Perhaps the most mature use cases of Generative AI right now are Large Language Models (LLMs). Although multimodal Gen AI is on the rise, products like ChatGPT and Google’s Bard (now Gemini) make it easy for users to generate emails, content and all manner of written projects in various degrees of complexity — all in seconds.

For the app, I called my own solution “Magic Write” (by the way, I call dibs on real-world Apple using the word ‘magic’ within 12 seconds of unveiling their first generative AI feature).

Siri Magic Write — our version of ChatGPT:

Magic Write works like most GPT clients — it takes your prompt input, and asks for more contextual instructions like Tone and Length, and the desired output format.

In this case, I added features like ‘My Tone’ for tone options, which would help users create written work in their own writing style. It works by Siri indexing and training itself based on your existing notes (the feature is in BETA).

I also added persistence to output results, allowing them to stay in history like other notes (until they are cleared). That way, old prompt outputs that weren’t copied out aren’t lost after every subsequent prompt output.

Spell Check

I lifted this feature almost verbatim from Grammarly, and without apology too. Why?

First, Grammarly’s UX for spelling and phrase correction is frankly the best I’ve ever seen. So don’t fix what ain’t broke. Secondly, well, just because.

Correcting Spelling on Apple Notes AI:

Before you ask, spellcheck IS an AI-based solution, yes. Especially this kind. And by the way, spell-check not being available on notes is another thing I find crude about the application. In fact, on most occasions when I edit a note outside of Apple Notes, it’s for spellchecks. And word count (come on, Apple. Really?).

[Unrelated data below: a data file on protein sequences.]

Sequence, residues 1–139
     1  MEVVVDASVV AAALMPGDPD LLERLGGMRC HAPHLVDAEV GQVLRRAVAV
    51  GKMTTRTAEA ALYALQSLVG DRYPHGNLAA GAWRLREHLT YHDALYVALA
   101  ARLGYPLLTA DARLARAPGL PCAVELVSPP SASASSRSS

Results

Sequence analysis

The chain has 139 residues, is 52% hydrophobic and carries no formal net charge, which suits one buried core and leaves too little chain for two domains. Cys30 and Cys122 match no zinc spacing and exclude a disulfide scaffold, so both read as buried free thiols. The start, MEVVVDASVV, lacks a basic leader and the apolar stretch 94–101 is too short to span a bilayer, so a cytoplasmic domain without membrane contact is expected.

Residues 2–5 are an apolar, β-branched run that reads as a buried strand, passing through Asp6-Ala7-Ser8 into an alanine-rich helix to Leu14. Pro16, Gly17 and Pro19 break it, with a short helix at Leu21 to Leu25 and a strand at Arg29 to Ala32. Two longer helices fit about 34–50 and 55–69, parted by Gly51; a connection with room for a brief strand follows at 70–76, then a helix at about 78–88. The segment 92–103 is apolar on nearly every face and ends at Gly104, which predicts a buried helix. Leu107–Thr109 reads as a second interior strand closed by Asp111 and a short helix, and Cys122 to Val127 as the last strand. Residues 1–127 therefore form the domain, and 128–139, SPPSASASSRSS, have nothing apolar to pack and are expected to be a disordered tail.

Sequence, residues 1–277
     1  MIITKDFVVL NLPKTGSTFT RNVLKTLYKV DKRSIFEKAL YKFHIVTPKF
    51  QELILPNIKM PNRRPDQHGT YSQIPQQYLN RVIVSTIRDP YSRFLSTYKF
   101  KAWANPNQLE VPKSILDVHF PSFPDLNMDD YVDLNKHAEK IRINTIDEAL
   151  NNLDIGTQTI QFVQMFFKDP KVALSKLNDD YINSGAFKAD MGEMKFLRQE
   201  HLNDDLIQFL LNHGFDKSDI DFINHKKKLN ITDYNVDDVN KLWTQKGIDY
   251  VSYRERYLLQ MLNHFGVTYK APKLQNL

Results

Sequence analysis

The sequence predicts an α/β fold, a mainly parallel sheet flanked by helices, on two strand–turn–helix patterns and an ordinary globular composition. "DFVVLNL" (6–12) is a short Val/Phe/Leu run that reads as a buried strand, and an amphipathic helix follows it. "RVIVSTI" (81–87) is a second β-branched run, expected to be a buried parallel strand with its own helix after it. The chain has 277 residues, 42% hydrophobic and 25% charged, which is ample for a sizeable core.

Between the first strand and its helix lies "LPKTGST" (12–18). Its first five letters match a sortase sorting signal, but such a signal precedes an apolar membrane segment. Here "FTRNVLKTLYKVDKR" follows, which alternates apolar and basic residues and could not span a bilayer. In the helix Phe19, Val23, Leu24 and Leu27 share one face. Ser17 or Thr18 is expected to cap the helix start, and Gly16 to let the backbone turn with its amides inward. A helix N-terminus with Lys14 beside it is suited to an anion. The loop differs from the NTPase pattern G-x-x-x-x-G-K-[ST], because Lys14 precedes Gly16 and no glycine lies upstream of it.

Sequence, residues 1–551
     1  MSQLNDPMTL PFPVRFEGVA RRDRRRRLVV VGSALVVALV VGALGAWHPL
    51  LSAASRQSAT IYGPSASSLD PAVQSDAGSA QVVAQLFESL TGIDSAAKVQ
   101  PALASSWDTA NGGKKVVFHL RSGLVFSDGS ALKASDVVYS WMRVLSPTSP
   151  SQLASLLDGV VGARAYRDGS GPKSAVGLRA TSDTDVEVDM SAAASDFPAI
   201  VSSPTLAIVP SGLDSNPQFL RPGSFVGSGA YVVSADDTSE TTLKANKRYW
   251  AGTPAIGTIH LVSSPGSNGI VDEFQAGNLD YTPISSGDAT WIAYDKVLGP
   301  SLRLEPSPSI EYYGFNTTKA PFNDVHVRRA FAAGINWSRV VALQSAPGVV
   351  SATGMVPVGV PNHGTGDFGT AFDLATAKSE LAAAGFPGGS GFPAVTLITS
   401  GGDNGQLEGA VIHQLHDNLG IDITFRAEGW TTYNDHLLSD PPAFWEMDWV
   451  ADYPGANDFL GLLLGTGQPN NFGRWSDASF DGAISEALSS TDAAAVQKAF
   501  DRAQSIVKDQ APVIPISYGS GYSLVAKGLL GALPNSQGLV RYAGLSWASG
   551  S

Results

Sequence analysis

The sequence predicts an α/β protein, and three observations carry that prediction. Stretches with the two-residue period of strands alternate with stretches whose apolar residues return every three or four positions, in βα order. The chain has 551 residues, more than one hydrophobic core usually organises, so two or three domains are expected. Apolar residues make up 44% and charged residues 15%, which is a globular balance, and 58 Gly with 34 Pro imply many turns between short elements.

Spell-check on Apple Notes AI also includes phrase checks as well.

Seriously, Apple. Even just a word counter like this would do.

Siri Insights

Inspired by another writing app I use (Ulysses, which you can get on Setapp), I included insights as a nice way to tie in all the features I wish were on Notes but aren’t. Things like character count, reading time, and other details about individual notes can be found in the sidebar for Siri Insights.

Siri insights on Apple Notes AI:

Also, you can find more Siri prompts (the prompt designs are based on the in-app prompts we get in mobile apps like Voice Memos and so on).

This is a Siri prompt that shows up in the insights sidebar:

This is where I drew inspiration from — as seen in the Voice Memos app:

Other Siri suggestions are available, and a quick actions bar that dynamically updates according to the possible tasks that Siri finds useful for that particular note.

Siri Insights Sidebar on the Apple Notes AI app:

Oh, there’s also a progress bar for a Goal feature — basically, you can set writing goals for yourself every day and measure your consistency in reaching them (eg a daily writing goal of 500 words).

And there we have it, guys!

The Apple Notes AI (or Plus, or whatever,) concept:

Before we wrap up, guys, don’t take it the wrong way.

One of the things I love most about notes is its simplicity.

And that’s why every feature I included in this Notes AI update can be turned off easily from the menu settings.

You can also hide or show the side bar — or turn off AI features entirely from the App preferences

There’s also always that off-chance, far-left-field possibility that Apple makes these features for like an Apple Notes Pro, or Plus version, as a subscription software. By the way, if they did that, would you subscribe to it? I’d love to have some feedback because I’m curious to know what you guys think.

Also, Apple has some other apps which an “AI-version” of would be interesting to see. Like X Code, Apple Music and Safari.

I’d be happy to also conceptualise those projects (if this article does well enough to warrant a series of such).

Thanks for reading guys! Till next time.